Hi from UK

Discussion in 'Introductions & Bike Garage' started by Tisme, Nov 20, 2016.

  1. EddieJ

    EddieJ Well-Known Member

    I've shared some good times with John Harris over the years. From pestering as a teenager with non paying jobs on my string of 2t mopeds, to going to bike shows and sharing a few beers with him. One of life's good guys. :)

    The day that I met Joey, he was indeed heading off to Johns place. They had just returned from I think Belgium, and had just had all of their kit stolen.

    I raced with Bemsee in 94-95. I generally used to finish about 18th out of a 42 bike field. I came close to a third spot on the podium though during my first race at Lydden Hill. I had never been to the circuit before and never ridden a 4 stroke before. I locked the back end of the bike up at the bottom hairpin, on the second lap and slide from about 20th to third in one corner scattering people everywhere! No one came off and I held the spot until the last lap when once again I locked the back end up under engine braking. I wasn't so lucky that time, binned the bike and had a trip to hospital, where they then cut my leathers off.
    Actually it did all have a funny side, as in the bed next to me, was racer than only had one arm. He was bloody good as well! He forgot to tell them about his missing arm, so when the nurse came in she almost screamed with panic! It was pure class. :D

    Ron, as for the history of ports and ships, you won't be disappointed in that respect. :)


    Edit... This thread has really brought back some memories.

    I haven't even looked at a bike race in the last 11 years, but just looked at Youtube clips of Bemsee MRO Lydden hill and Brands. Talk about bringing things back.
    I'd forgotten about the sweat that would build whilst waiting in the holding area, the usual wait to clear the track after you have just watched a rider from the preceding race highside at clearways. Oddly you never really gave any thought to that poor rider, just the inconvenience that he had just caused you, as your tyres started to cool down and you began to feel very hot. I guess that is being focussed on what you are there to do. Then once the mess is cleared and the lovely lady/marshal has touched your helmet as you passed by, which was a tradition that all respected, it was time to peel off to your start position. I had forgotten about just how the nerves get to you, and like many in the clips, you miss or simply forget your start position.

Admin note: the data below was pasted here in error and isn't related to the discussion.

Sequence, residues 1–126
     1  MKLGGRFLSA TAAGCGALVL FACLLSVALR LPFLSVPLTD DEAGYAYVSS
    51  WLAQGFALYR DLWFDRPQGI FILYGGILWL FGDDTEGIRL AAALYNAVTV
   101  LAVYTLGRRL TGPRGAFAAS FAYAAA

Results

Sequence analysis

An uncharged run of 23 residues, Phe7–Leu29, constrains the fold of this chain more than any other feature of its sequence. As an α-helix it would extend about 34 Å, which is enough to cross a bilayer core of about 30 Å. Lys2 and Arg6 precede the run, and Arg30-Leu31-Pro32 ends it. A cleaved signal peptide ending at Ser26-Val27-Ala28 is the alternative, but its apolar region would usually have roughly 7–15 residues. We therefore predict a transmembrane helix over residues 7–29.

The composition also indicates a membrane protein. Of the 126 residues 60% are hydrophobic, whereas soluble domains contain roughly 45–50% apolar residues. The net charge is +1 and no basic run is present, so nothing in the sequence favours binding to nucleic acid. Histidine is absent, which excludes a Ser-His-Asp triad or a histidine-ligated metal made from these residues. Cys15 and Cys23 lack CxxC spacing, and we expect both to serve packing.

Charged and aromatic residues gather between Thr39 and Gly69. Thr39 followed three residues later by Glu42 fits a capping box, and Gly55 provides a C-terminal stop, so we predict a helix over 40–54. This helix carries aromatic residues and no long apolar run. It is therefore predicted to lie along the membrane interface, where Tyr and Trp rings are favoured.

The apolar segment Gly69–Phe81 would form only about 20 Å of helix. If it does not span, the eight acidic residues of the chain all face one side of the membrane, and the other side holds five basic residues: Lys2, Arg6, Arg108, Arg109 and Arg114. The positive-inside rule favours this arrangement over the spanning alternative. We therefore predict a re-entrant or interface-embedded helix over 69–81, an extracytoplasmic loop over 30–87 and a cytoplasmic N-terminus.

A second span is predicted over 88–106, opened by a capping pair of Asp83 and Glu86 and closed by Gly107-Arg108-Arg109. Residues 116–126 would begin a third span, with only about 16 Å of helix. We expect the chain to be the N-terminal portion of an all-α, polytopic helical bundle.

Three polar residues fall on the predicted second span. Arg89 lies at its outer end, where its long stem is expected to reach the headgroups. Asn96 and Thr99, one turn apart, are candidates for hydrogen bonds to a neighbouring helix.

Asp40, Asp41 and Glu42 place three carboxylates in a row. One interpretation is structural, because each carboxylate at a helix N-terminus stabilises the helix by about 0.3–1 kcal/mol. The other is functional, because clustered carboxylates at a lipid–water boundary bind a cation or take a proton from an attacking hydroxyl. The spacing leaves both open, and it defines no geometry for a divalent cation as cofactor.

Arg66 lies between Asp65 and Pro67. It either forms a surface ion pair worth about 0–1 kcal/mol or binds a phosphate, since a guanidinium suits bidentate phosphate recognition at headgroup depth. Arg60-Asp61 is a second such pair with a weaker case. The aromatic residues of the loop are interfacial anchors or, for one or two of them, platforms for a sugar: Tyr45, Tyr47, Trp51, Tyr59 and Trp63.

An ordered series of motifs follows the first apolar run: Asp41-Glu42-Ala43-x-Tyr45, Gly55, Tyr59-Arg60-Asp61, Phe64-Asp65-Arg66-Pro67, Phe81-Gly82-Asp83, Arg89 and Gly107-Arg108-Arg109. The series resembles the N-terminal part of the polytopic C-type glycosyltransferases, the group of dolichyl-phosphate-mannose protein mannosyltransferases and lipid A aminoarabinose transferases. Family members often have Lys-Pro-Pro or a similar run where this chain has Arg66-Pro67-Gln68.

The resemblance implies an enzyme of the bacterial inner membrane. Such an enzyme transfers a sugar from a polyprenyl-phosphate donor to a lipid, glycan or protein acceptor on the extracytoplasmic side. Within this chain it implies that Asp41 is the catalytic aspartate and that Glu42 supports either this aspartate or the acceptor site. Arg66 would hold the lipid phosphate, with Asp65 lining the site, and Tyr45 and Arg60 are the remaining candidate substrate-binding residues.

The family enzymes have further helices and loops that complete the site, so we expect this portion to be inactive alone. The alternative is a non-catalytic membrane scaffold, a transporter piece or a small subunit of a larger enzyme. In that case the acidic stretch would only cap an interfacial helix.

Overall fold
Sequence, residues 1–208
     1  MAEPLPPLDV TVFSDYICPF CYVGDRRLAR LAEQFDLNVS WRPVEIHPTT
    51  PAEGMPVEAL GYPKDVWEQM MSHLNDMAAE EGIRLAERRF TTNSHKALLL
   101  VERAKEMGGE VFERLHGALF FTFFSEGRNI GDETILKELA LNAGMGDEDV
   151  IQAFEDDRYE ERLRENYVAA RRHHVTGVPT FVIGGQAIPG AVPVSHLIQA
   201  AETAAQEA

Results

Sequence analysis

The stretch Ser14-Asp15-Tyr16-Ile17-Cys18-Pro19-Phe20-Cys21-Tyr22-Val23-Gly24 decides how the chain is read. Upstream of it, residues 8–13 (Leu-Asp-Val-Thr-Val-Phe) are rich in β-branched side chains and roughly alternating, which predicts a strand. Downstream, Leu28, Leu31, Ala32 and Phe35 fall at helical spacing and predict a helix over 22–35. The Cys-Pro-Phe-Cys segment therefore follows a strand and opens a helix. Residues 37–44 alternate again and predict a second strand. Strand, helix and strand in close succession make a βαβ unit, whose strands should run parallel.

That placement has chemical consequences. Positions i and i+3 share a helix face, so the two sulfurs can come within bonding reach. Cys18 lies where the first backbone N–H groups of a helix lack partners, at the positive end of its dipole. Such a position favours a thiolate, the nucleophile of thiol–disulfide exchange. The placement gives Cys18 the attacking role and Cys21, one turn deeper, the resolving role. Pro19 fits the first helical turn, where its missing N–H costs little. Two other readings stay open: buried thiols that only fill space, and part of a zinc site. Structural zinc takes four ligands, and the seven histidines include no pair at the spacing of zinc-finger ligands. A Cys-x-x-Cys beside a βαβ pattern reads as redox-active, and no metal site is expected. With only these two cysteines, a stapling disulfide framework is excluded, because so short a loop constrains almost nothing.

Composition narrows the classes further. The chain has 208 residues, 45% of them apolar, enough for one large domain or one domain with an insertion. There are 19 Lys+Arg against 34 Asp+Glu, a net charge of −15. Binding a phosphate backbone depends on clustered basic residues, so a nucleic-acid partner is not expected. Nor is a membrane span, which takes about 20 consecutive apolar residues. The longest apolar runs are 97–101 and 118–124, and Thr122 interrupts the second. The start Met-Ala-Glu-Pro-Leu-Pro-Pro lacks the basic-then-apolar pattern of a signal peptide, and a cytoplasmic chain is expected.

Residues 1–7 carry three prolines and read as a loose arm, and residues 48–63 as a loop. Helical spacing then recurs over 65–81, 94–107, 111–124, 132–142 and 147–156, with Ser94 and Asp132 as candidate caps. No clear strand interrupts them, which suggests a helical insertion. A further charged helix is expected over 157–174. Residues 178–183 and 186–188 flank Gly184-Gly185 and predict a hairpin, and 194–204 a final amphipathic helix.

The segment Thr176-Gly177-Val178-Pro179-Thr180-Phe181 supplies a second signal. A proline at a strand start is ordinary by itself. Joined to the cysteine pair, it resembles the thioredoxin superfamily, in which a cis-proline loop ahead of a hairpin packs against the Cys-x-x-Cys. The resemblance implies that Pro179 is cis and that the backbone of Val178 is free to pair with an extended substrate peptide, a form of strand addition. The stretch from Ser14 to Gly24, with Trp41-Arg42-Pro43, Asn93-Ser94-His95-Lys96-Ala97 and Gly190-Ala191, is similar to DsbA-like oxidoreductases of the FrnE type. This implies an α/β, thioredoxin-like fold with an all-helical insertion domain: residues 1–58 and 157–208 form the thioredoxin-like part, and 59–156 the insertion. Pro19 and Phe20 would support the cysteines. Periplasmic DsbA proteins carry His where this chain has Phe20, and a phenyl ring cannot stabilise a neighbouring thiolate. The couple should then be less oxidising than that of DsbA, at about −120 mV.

then it is time, and you sit waiting hardly breathing, not daring to look sideways at anyone else, but there is consciousness of those standing in the pit lane watching and the family and friends sitting in the stands.
    Then the flag goes for the warm up lap, and the nerves vanish for just a second. Get back to the start and once again at least one person would have missed their position, and another will suddenly raise a hand as the flags are raised and the engines go to full chat. I was once one of those riders frantically waving to get attention, when my clutch suddenly started to fail. I can tell you that a start line crash fills every rider with dread, and in the short time that I raced, two were killed in separate race incidents on a start line.
    The lights go green and that is it, my favourite part of the whole race, the first lap and first corner. The buzz that the first corner gives is just unreal, and somehow made even better if you happen to touch or knock into someone. Very odd.